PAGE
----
Tiger poaching: NGO scanner on cattle smugglers
29 Dec 2008, 0459 hrs IST, Krishnendu Mukherjee, TNN
KOLKATA: Almost three months after CID took over the probe into the tiger poaching case in Sunderbans, an independent investigation by an NGO has indicated that a gang of cattle smugglers may have shot the tiger on October 3.
So far, the CID probe has led to a single arrest.
The investigation by Conservation Organisation of Nature and Environment (CONE), the NGO, was ordered by the then director of Sunderbans Biosphere Reserve, Pradip Shukla. However, the report was not passed on to the forest department as Shukla was shunted out shortly after the incident.
“Though the Bangladesh-Bongaon border is largely sealed, cattle smugglers from across the border use a particular route between Bakna and Jhila. This river path suits them as BSF doesn’t patrol this route closely,” said Animesh Roy of CONE.
“Locals told us that on that day, the boat had strayed near the Jhila forest. The tiger saw the cows and jumped on the boat. But before it could pounce on any of the animals, the poachers shot it in the head. The tiger fell into the river and the boat rowed away,” Roy said.
“It’s true that I had asked CONE to conduct an in-depth study. But since I am not there any longer, I can’t comment on the matter,” Shukla said, when TOI got in touch with him.
According to Roy, the smugglers gave the heavily guarded Raimangal river a wide berth and entered the Bakna forest range from Sandeshkhali on boats through the Chhoto Molla Khali market. “They take the same route on their way back as it transports them straight into Bangladesh Sunderbans,” he added.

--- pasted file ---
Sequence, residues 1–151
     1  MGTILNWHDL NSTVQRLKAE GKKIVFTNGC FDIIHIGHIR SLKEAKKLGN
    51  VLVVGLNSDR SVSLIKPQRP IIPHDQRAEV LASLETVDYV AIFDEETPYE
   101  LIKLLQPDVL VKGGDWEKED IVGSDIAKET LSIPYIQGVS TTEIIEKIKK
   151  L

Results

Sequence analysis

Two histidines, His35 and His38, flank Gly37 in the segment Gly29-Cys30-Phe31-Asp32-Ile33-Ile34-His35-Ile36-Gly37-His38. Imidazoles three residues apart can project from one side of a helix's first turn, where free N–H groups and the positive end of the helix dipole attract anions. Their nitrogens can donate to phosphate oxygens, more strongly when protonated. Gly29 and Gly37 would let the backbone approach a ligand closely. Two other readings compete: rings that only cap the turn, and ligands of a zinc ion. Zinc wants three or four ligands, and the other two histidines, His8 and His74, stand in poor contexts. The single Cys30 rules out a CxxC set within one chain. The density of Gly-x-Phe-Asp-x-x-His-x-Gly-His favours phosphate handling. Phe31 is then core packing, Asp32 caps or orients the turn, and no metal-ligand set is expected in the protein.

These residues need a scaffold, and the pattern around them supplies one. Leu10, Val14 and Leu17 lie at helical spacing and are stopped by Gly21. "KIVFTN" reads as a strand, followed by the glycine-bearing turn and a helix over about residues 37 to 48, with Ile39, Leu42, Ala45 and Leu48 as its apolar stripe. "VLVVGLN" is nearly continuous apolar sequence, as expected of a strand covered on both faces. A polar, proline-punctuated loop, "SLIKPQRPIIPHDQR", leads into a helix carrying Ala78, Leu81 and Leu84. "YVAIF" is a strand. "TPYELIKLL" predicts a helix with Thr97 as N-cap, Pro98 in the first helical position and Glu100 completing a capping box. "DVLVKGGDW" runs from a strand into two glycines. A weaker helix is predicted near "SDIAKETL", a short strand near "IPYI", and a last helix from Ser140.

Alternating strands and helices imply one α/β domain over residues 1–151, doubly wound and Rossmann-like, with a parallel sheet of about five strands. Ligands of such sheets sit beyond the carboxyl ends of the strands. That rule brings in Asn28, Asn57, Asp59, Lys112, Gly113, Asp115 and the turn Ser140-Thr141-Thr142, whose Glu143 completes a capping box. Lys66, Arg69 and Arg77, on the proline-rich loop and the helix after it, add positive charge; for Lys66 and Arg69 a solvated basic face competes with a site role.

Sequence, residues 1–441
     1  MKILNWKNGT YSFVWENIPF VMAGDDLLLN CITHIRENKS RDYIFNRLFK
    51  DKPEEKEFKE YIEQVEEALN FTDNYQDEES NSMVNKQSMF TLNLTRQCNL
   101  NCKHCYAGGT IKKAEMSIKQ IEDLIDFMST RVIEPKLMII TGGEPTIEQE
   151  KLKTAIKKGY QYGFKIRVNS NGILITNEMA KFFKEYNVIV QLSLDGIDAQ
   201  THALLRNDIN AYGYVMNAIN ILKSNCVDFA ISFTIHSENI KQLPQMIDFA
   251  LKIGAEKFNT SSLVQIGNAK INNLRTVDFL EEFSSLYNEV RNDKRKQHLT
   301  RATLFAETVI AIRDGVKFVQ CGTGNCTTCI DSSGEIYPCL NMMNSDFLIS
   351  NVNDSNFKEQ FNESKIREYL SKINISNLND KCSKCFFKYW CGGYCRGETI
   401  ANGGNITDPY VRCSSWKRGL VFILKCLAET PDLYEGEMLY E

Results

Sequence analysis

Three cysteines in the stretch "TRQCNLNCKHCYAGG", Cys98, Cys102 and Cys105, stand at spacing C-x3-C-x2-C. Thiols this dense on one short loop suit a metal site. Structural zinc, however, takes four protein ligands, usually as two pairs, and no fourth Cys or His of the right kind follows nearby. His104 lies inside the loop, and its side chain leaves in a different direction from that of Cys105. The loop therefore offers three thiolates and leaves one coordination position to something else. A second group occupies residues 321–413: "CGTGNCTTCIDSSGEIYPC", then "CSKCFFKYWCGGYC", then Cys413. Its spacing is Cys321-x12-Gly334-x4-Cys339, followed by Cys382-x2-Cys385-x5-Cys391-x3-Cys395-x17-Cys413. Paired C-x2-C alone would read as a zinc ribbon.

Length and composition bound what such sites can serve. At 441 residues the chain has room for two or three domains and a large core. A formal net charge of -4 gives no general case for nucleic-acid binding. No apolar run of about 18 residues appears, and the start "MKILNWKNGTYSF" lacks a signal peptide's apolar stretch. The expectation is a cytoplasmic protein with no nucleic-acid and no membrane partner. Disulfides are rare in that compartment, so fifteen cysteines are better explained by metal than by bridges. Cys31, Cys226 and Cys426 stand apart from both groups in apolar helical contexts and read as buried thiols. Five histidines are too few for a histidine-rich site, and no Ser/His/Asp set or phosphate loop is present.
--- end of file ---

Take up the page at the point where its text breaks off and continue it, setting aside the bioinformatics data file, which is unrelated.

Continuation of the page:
“The team of smugglers had five members. Two of them are from Kumirmari, while two are from Bangladesh. The fifth is untraced. The cows were bought from Sarberia market and sent to Bangladesh through Sandeshkhali and the riverways of Mollakhali and Kumirmari,” he said.
Former Project Tiger director P K Sen said poaching is rampant in the Sunderbans and the state forest department is not well-equipped to tackle this. “Forest guards cannot differentiate between Bangladeshi boatmen and their Indian counterparts,” he said. He added that intelligence teams should be frequently used in the area to study such cases.
What compounded troubles is the fact that the state government does not have a comprehensive blueprint for utilizing central funds for the development of Sunderbans’ fragile ecosystem, Sen felt.
Apart from cattle smuggling, Bangladeshis are also involved in collecting wood, honey and animal skins to feed a thriving market in different South-East Asian countries.
CID investigators, however, said the investigation was still on. “We have arrested Paritish Mondal, a poacher. From his possession we have found a bone which was later confirmed by Zoological Survey of India as tiger bone. We are still on the lookout for Panchanan Giri, a longtime accomplice of Mondal,” said special inspector-general (CID) Sanjay Mukherjee.
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